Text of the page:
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Britain’s upper house on Wednesday approved emergency legislation designed to help the Boris Johnson government tackle the coronavirus outbreak, paving the way for the far-reaching bill to become law.

The laws will create temporary powers across different areas, from giving police and immigration officers the ability to detain people to protect public health, to allowing people to leave their jobs to volunteer in the health service.

Having been approved by parliament’s elected lower house earlier this week, the bill now only requires the rubber stamp of ‘Royal Assent’ before it officially becomes law. This is expected by Thursday, and could come earlier.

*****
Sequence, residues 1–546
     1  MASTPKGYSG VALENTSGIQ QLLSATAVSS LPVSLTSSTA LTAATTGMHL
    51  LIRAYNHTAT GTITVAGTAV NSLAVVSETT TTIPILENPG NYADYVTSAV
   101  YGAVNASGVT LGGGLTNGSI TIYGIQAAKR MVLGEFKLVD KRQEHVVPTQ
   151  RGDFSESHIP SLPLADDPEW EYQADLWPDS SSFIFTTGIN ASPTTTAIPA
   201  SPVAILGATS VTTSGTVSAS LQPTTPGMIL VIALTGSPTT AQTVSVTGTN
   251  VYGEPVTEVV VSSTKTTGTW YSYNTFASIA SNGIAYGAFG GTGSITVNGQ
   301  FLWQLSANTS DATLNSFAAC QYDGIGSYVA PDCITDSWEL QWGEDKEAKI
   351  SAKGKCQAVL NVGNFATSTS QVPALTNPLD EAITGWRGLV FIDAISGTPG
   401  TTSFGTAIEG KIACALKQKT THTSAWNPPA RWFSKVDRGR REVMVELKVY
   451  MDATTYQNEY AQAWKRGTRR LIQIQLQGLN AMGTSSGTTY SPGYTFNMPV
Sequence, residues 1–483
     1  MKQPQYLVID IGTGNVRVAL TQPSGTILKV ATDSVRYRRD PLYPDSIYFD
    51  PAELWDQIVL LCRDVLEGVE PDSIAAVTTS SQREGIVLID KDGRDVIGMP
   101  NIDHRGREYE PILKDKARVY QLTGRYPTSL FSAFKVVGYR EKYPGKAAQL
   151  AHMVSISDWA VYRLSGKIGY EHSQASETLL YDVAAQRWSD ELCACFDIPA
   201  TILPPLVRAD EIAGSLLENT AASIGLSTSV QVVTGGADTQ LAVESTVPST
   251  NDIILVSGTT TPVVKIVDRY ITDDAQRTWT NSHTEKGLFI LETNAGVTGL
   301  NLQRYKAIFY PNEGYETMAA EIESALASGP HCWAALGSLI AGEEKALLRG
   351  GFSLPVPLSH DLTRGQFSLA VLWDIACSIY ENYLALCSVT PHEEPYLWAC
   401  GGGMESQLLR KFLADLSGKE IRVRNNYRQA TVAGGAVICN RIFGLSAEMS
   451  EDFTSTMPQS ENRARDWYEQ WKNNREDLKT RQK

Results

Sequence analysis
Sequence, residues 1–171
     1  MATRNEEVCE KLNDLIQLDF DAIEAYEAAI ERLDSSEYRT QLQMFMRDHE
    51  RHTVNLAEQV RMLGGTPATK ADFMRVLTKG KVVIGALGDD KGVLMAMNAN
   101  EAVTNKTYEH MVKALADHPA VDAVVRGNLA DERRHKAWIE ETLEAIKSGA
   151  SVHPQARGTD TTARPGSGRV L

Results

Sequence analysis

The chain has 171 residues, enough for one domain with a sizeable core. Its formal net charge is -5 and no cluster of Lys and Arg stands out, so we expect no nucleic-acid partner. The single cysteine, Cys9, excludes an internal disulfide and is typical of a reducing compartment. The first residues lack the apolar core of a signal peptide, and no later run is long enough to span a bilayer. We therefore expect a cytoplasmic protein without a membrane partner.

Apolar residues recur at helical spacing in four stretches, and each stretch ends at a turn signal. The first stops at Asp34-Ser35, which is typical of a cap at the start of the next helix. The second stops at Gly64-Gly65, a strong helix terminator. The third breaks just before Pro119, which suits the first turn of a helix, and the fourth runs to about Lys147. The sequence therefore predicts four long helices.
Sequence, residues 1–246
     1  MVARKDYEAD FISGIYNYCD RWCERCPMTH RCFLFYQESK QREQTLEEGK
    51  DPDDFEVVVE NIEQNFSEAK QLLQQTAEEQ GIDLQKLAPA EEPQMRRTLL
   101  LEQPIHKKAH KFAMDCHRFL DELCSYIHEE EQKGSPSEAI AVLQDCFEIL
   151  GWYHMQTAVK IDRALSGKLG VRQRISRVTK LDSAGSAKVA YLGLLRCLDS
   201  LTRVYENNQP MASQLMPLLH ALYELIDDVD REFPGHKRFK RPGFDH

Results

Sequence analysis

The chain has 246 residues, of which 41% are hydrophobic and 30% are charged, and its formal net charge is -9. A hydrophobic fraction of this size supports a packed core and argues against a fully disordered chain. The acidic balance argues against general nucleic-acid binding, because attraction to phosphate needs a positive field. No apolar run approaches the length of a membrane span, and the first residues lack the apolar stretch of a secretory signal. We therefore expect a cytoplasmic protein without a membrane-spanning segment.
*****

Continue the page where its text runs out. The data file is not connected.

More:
UK’s Retired medics return to fight virus

Thousands of retired doctors and nurses have returned “to the front line” to deal with the coronavirus challenge, besides nearly 19,000 final-year medical students, as the UK grapples with staff and equipment shortage in the fight against Covid-19.

The UK has reported 8,077 cases and at leat 422 deaths so far.

A call for volunteers to perform non-medical tasks in the UK’s National Health Service was immediately responded to by over 170,000 people within 24 hours. However, reports suggest that the massive NHS recruitment drive risks being undermined by the prospect of doctors quitting over fears of inadequate protective equipment.